Repairing the section of 26th Street that sank toward the CSX Transportation train tracks in November will cost Baltimore taxpayers $7.5 million, officials say, and neighbors are complaining that the city Department of Transportation has ignored their request to include a green space in the renovated block.
The work is half as expensive as the $15 million cost of fixing the more dramatic collapse of another block of 26th Street in 2014 — which sent trees, cars, asphalt and the retaining wall onto the freight train tracks below.
CSX plans to help foot the bill, railroad spokeswoman Sherrie Bowman said in a statement. She declined to give exact details but said the costs would be shared in a manner “consistent with previous agreements with the city.” The railroad and the city split the $15 million bill from the prior collapse.
“We are currently discussing a cost sharing agreement for the 26th Street repairs with CSX,” said Kathy Dominick, a spokeswoman for the city Department of Transportation.
A deal has not been finalized, she said.
The Board of Estimates, the city’s spending panel, last week gave the transportation department $10 million — $7.5 million to cover the 26th Street repairs and $2.5 million to pay for cost overruns in the department’s snow-removal budget, Dominick confirmed.
Neighbors have petitioned the city to use some of that money to add space for a public park or other green-space improvements on the little-trafficked street, which dead ends at Margaret Brent Elementary School on one side and a one-way block on the other, said Kyle Fritz, who has led the proposal.
Fritz, who lives around the corner in the 2600 block of Guilford Ave., said he and others representing the Charles Village Civic Association have met with city officials several times since February about the park proposal, which received the support of about 80 neighbors who responded to a survey about it.
“We came up with some different ideas,” Fritz said. “Maybe you could put a fountain in. Maybe you could have a big tree. Maybe you could have exercise equipment. We’re not asking for DOT to pay for all these things. Just create this space, and then we could have a grant or do whatever to create a place out of this area that, before, was just a parking lot.”
The proposal won the support of Councilman Robert Stokes, who held an April 25 meeting with neighbors and officials from the city transportation, planning and fire departments. After none of the other departments raised issues with the proposal, then-Transportation Director Michelle Pourciau said she would have engineers take another look to see whether more green space could be included, Fritz said.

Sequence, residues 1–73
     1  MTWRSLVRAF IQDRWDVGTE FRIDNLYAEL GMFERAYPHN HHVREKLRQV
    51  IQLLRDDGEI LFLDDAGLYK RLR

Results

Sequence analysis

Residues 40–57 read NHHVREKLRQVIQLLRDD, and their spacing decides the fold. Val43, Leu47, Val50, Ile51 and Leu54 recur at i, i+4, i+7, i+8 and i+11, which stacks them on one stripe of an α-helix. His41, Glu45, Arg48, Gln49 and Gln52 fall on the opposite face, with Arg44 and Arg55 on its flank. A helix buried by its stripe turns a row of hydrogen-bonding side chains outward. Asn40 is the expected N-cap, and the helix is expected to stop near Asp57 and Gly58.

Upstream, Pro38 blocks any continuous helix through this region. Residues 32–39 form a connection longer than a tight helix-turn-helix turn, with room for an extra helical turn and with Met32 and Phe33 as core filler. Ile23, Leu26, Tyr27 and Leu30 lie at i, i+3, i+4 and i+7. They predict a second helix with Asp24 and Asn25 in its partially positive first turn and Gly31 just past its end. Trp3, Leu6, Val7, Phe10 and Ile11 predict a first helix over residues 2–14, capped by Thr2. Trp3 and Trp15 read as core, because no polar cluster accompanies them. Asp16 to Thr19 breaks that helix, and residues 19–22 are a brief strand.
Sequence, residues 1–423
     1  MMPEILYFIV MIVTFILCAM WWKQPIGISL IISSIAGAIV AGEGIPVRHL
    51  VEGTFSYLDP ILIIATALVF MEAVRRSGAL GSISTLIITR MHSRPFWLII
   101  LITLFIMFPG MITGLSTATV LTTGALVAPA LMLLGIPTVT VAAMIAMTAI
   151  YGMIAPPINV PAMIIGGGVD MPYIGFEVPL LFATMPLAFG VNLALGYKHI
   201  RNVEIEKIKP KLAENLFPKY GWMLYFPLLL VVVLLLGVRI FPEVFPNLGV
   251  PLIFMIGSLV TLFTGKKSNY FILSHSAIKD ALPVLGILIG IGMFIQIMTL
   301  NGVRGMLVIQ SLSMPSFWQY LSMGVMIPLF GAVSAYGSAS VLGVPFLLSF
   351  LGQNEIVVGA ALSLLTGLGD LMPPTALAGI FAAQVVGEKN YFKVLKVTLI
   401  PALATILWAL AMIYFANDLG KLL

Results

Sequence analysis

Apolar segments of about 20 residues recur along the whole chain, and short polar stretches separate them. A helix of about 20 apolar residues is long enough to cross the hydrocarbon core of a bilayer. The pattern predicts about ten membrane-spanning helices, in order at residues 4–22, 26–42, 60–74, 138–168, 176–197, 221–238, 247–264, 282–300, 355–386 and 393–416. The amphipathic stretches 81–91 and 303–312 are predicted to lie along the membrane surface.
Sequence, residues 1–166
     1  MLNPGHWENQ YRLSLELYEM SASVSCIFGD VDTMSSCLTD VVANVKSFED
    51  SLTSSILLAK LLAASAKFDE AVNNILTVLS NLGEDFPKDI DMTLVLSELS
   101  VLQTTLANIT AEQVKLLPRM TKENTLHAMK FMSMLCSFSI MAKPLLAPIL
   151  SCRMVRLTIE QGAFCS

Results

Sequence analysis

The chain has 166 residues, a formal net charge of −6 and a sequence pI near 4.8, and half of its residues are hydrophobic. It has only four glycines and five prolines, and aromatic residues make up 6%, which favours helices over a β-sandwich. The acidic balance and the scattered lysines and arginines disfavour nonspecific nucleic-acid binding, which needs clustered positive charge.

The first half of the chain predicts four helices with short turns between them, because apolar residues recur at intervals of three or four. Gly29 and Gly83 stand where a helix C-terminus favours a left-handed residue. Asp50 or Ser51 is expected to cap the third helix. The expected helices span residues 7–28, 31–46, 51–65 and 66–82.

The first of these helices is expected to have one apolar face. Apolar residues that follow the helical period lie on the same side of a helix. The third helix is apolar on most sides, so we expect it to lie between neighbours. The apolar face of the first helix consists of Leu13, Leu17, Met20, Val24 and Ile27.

The next week, a ransomware attack took city email accounts offline.
At a May 7 meeting, Liam Davis, a Department of Transportation community liaison, informed the civic association that the city’s original plan to restore the street as it was, without a park, had been finalized and could not be changed, Fritz said.
A spokesman for Mayor Bernard C. “Jack” Young could not be reached for comment.
The Department of Transportation “has tried to accommodate for a lot of new enhancements to the street,” said spokesman German Vigil.
The rebuilt street will include new pedestrian bump-outs to calm traffic, improved lighting, trees, Americans with Disabilities Act-compliant sidewalks and ramps, and new railing and fencing.
Neighbors look forward to those additions, Fritz said.
“But the community is so close to having something better — something special — that would be a testament to vision and making the most of an opportunity, rather than falling back to the status quo,” he said.
The master plans for Remington and Charles Village call for a recreational corridor along 26th Street, Fritz noted, and the Complete Streets law passed last year requires the city to prioritize pedestrians, bicyclists and other modes of transportation, in addition to cars, in all new street designs.
Laura Flamm, another neighbor who supports the proposed park, said the city Department of Transportation’s unwillingness to adjust its plan was frustrating, since Fritz, a software engineer, had drawn up several models of ways it could be done while retaining the same number of parking spaces.
“We’ve basically done DOT’s job for them,” she said. “We’ve jumped through all their hoops.”
Kristen Janiszewski, who also lives nearby, noted that the block in question — between Guilford and Calvert streets — had been closed even before the collapse for water main work, so neighbors have become used to not being able to drive on it.
“The street’s been closed for almost a year now,” she said.
Jeff Larry, another neighbor, said he hopes city officials will listen to neighbors asking for the collapse site to be transformed into a community gathering space, rather than returned to a little-used street.